“Mercy and consideration for the other man, but none for yourself, upon whom you have to keep an incessant watch.”
– Sir William Osler, MD.
Ironic, isn’t it? The physician is expected to go above and beyond, superhuman even, held to an unrealistic standard above most others, and yet, is their own worst critic. (Or was until social media, but that is another writing for another day.)
We continuously hold ourselves to that in nearly every aspect of life. Because we give so much to the job or calling, as some of us sentimentalists see it, there is not enough left to give adequately to those or those not involved in medicine. This sets us up to feel guilty and lacking in other aspects of our lives. After all, medicine is the utmost jealous mistress to all and refuses to be awarded anything but first place. It is a burnout no amount of yoga can fix. How can we reconcile this? I’m not entirely sure what the answer is, and I think many ponder the same.
As a whole, we continue as teachers or mentors to snowball this inadequate amount of mercy to those below us in training or practice. For example, I remembered as clear as day at my first real clerkship as a third-year medical student nearly 15 years ago. All of the students had an idea of what specialty they had set their eyes on. Mine, at the time, was pediatric oncology. I even dreamed of working at Saint Jude’s Children’s Hospital. I did a six-week rotation at a children’s hospital, mostly on the oncology ward team. The attending at the time, a middle-aged MD who rarely smiled, was someone I referred to in my head as a “tough old bird.” I now know this was the attending’s coping mechanism. On the first day of table rounds, after all of us nervously presented patients and plans, a thick, palpable fog of despair hung in the air, especially after discussing the infant with relapsing acute leukemia.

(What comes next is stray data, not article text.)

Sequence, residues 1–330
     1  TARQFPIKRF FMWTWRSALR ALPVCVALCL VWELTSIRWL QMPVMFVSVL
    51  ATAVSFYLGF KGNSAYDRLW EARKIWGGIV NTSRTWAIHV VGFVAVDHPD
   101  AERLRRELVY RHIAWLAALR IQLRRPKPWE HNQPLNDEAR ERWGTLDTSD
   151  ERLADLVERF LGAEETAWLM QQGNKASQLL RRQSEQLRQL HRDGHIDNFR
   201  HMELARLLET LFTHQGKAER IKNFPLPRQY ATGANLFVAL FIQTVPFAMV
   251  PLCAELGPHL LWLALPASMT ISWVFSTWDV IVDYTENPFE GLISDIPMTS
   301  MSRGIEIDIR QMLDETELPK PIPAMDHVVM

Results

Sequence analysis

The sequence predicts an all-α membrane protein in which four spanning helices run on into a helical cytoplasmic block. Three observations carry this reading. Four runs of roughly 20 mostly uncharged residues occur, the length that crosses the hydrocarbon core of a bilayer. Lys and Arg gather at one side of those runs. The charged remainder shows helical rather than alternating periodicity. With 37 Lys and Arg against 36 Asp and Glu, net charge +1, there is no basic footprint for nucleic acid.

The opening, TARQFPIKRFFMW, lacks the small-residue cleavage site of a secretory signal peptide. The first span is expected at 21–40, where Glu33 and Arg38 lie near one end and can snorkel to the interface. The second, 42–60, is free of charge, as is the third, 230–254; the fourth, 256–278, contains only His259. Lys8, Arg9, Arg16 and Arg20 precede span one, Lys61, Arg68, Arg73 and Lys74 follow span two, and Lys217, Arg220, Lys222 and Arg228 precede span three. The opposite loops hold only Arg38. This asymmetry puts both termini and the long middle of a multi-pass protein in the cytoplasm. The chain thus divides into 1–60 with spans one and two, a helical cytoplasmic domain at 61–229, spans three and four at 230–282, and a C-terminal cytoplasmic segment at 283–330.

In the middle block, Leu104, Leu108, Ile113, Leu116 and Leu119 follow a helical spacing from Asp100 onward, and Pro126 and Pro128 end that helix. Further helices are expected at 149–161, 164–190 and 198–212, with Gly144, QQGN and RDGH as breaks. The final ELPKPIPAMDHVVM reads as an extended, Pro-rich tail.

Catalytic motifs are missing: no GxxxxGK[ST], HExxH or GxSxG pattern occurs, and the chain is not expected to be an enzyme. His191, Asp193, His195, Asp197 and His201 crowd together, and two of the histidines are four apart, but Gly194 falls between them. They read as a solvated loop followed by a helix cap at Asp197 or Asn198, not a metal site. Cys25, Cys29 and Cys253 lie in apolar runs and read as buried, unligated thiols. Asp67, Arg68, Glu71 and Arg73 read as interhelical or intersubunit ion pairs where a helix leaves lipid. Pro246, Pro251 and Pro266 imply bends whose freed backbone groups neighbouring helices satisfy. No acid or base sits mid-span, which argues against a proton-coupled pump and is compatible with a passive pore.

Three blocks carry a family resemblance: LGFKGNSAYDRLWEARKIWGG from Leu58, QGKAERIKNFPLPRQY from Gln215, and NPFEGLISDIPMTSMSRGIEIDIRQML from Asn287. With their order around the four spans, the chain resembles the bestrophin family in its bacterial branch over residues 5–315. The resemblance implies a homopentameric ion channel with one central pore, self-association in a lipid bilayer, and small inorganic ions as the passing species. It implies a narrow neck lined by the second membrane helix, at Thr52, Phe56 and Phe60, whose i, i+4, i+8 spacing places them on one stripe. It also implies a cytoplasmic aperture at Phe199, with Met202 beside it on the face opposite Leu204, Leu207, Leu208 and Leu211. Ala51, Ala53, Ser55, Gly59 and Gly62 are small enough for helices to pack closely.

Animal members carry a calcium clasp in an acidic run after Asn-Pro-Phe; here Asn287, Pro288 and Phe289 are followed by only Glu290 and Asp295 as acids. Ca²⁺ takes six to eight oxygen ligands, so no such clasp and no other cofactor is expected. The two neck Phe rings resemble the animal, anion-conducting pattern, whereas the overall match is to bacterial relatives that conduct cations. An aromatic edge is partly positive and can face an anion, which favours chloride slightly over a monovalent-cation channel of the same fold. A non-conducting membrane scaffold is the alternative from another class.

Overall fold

The attending must have seen our hearts pounding on our sleeves, and though I did not personally see anyone shed a tear, they forcefully stated, “We do not cry here. The families do enough for everyone. If you are going to lose it, go into the damn stairwell, cry, collect yourself and wipe your face before returning.” Multiple gulps could be heard, followed by several emphatic nods.
Secretly, I cried every day when I returned to my vehicle and drove back to my apartment. This made certain for me that I could not do this for the rest of my life. I respected those that could, but I knew I would find it difficult to draw the line.
There is no, or certainly not enough, mercy in this profession — at least too few and far between. However infrequent, I have seen marvelous acts of mercy between colleagues, and I cling to those bright spots. One especially brought to mind centers around a selfless colleague, a kind and old soul who loves jazz and who has fallen on a sword for me more than once. You know who you are, my dear friend.
A good place to start is with more people like my friend. Let us all try to be that type of colleague and friend. Let us show mercy and consideration for our fellow MDs since we do a terrible job doing this for ourselves.
Brandi Fontenot is an internal medicine physician.